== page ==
Today is the first day of a life’s wish fulfilment.  I am going to South Africa with Nick and our daughter’s family.  We are going to fly comfortably with Emirates.  It will be a treat.  Picked up from the door we are driven to the airport where we check in and clear security without too much chagrin.  IMG_5563 (2)Soon we are waiting in the lounge where we can drink champagne and enjoy some of the hot and cold dishes at the buffet.  We have a glass too of Puligny Montrachet.  Nick and Ry compare notes on their tablets.  IMG_5565 (2)I eat a little bit of smoked salmon, a small plate of curry and some roasted vegetables.  Barns phones, we talk.  Charlotte and Ted chill out.  IMG_5568 (2)On the ‘plane we find our seats, cubicles really, with screens if we want to use them and the option to convert the seat into a bed for which a mattress and necessary comforts are provided.  I watch Bryan Cranston in The Infiltrator and eat game terrine, prawn makhanwala.  I’m still drinking.  There are macarons 🙂

We land in Dubai about 6 hours later and have a spell in the Emirates lounge.  More delicious bites to tempt, I really must pace my eating.  On the flight I accept wine I really do not want or need, there is a little snack of lamb pie.  This is the flight to sleep.  My bed is comfortable and the cabin crew are delightful and solicitous and it is all just luxurious.  I think I sleep about three hours.  When we land in Johannesburg we are going to take a connecting flight to Cape Town.  Passport control is a cold experience with complete lack of eye contact.  We have shenanigans over our luggage and the weight, we think we might be in the presence of ‘jobsworth’ but in the end it works out.  We find a place to get a snack and I try for the first time, Peri peri chicken livers.  I love it and will return to this dish again…..  Ted and I start one of the dot to dots in a book I have brought along but really it is no competition for a ‘device’!  The flight to Cape Town is shorter and we touch down at 5 p.m. local time  We’ve been travelling for over 24 hours.  Ryan is going to hire a people carrier so we load up our luggage and head out of Cape Town for Hout Bay where we are booked into Chapman’s Peak Hotel.  I get my first sight of a township and this will be in stark contrast to the centre of Cape Town and the waterside shopping centre when we head for the malls a day or two later.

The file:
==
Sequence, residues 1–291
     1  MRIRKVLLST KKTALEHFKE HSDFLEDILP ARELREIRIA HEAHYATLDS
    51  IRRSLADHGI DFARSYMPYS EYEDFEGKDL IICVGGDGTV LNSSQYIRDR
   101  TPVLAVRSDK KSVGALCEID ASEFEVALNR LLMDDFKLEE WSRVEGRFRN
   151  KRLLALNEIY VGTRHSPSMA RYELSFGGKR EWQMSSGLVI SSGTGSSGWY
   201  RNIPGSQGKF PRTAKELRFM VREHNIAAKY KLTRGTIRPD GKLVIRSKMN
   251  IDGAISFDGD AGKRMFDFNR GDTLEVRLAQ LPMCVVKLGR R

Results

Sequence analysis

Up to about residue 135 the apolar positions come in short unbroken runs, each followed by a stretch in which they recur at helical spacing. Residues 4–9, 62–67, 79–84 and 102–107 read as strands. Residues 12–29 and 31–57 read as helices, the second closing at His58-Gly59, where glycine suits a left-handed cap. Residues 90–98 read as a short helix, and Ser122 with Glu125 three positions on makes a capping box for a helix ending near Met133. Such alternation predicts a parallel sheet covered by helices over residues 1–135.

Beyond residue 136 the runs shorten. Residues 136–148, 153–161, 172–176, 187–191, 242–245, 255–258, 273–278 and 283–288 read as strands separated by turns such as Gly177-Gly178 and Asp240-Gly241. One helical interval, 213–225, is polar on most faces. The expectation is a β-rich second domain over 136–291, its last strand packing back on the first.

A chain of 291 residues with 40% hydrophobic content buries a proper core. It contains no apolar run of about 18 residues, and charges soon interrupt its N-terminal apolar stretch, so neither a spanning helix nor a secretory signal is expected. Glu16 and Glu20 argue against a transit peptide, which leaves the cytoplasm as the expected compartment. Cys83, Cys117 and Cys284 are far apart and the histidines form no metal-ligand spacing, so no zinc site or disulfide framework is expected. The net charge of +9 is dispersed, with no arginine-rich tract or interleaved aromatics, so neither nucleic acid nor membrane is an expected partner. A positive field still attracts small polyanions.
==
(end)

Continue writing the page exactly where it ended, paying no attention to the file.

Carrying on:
My First Demonstration

I am not sure that it is to my credit that I have waited until my 70th year to take part in a rally.  This reflects though, the fact that I have been politically ignited by the vote to leave the EU last June.  I cannot begin to rehearse the emotions I have experienced since that tragic day.  How many hours have I got to spend at the screen writing about it?  It is only very recently that I have woken in the morning without the predicament that the UK finds itself in being the first thing on my mind.  So it is little surprise to me that I should feel compelled to join the Unite for Europe march in London on March 25th.  This is the day before Nick and I fly out to South Africa with our family to spend three weeks visiting the place of birth of our son-in-law.